The Great Depression Online

Causes of the Great Depression 

Many like to blame the stock market crash of October 19, 1929, as one of the main causes of the Great Depression.  It wasn't.  It was just the triggering event.

It was what led up to the stock market crash that caused the Great Depression.

Let's explore...

There was extensive money supply growth...massive supply build up by industry...rampant speculation...ending with a parabolic stock market blow off...all for a presumed demand that was nearly nonexistent.

How could things have gotten so out of whack?

To answer this question, let's look to John Steinbeck...

"The bank is something more than men, I tell you.  It's the monster.  Men made it, but they can't control it."  John Steinbeck, The Grapes of Wrath

That's right, the banks, starting with the Federal Reserve, caused a massive -- credit induced -- spending binge. 

The Federal Reserve Governor at the time, Benjamin Strong, administered what he called "a little coup de whiskey to the stock market."  He sold the dollar, purchased hefty amounts of Treasuries, and extended cheap credit to the masses.

Unfortunately this "little coup de whiskey" produced a drunkenly distorted economy.  And when the bills came due the banks could not recover their loans.  And depositors lost their savings forever.

Adolf Miller of the Federal Reserve Board testified to the Senate Banking Committee in 1931 that this episode constituted "the greatest and boldest operation ever undertaken by the Federal Reserve System and, in my judgment resulted in one of the most costly errors committed by it or any other banking system in the last 75 years." 

The Great Depression -- including the high poverty and unemployment  -- was just the painful hangover from the irresponsible banking practices of the roaring 20's.

Yet no one saw it coming...

With the length and magnitude of the Great Depression -- and the rampant speculation leading up to it -- it is remarkable that no one saw it coming.

But the fact is...  No one did see it coming. 

Here are some quotes from the leading economists and authorities of the time. 


"We will not have any more crashes in our time" --John Maynard Keynes.

January 12, 1928:

"I cannot help but raise a dissenting voice to statements that we are living in a fool's paradise, and that prosperity in this country must necessarily diminish and recede in the near future." --E.H.H. Simmons, President New York Stock Exchange.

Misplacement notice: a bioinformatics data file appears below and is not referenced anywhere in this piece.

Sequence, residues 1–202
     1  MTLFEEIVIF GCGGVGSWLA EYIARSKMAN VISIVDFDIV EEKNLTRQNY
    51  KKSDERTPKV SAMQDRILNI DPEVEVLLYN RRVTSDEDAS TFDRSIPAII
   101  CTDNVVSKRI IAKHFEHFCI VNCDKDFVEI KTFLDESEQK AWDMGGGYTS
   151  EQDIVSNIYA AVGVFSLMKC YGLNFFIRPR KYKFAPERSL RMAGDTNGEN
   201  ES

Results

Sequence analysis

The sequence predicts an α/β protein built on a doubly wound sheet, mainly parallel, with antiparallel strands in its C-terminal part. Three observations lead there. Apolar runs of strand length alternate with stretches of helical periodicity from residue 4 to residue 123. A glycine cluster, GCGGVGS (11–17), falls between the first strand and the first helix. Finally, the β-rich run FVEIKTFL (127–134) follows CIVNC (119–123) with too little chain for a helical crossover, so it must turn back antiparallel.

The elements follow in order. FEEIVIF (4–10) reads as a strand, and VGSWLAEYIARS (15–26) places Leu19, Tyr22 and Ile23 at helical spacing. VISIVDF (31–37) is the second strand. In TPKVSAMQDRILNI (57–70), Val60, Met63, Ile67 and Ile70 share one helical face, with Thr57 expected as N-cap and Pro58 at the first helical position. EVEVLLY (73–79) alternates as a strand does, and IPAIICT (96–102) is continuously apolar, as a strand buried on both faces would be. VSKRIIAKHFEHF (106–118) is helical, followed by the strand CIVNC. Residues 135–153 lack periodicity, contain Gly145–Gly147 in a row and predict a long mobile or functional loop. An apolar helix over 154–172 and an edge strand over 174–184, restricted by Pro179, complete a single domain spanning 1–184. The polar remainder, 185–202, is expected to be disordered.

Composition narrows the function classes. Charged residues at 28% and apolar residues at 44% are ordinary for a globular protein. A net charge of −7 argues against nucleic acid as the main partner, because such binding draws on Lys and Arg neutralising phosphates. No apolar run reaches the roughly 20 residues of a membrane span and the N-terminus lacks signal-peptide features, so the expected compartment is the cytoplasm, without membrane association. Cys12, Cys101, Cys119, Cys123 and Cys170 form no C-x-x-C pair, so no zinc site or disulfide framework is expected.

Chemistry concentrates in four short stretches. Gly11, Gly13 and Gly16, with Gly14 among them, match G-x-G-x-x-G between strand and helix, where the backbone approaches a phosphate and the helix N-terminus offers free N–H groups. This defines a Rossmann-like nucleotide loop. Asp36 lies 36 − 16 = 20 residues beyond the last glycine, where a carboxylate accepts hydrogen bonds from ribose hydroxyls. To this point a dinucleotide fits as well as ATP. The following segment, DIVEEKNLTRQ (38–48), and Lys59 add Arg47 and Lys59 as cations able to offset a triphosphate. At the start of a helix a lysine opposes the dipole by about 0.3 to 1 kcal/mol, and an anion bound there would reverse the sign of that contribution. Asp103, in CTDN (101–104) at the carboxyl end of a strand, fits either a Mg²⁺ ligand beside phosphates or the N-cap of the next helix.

December 4, 1928:

"No Congress of the United States ever assembled, on surveying the state of the Union, has met a more pleasing prospect than that which appears at the present time.  In the domestic field there is tranquility and contentment...and the highest record of years of prosperity.  In the foreign field there is peace, the goodwill which comes from mutual understanding." --President Calvin Coolidge.

September 5, 1929:

"There may be a recession in stock prices, but not anything in the nature of a crash" --Irving Fisher, PhD, professor of economics at Yale University.

October 24, 1929:

"This crash is not going to have much effect on business." --Arthur Reynolds, chairman of Continental Illinois Bank of Chicago.

October 25, 1929, "Black Friday":

"There will be no repetition of the break of yesterday...  I have no fear of another comparable decline." --Arthur W. Loasby, president of the Equitable Trust Company.

November, 1929:

"The end of the decline of the Stock Market will probably not be long, only a few more days at most." --Irving Fisher.

December, 1929:

"I see nothing in the present situation that is either menacing or warrants pessimism....  I have every confidence that there will be a revival of activity in the spring, and that during this coming year the country will make steady progress." --Andrew W. Mellon, U.S. Secretary of the Treasury.

May, 1930:

"While the crash only took place six months ago, I am convinced we have now passed through the worst--and with continued unity of effort we shall rapidly recover.  There has been no significant bank or industrial failure.  That danger, too, is safely behind us." --President Herbert Hoover.

Notice how these leading economists and authorities failed to see it coming and failed to appreciate the gravity of the situation during its initial onset.

Despite what you may hear from today's leading economists and authorities...

It could happen again!


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